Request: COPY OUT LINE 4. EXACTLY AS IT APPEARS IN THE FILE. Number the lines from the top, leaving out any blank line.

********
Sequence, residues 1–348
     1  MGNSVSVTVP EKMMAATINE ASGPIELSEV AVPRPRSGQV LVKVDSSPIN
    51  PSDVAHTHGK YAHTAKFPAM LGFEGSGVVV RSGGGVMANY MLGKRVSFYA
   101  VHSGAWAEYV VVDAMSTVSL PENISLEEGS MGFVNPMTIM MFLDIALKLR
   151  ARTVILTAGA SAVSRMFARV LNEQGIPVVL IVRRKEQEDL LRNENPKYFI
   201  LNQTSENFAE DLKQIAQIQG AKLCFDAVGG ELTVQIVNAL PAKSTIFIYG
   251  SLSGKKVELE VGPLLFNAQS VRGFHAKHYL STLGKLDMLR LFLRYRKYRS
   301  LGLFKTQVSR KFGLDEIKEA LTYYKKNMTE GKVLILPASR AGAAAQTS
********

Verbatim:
   101  VHSGAWAEYV VVDAMSTVSL PENISLEEGS MGFVNPMTIM MFLDIALKLR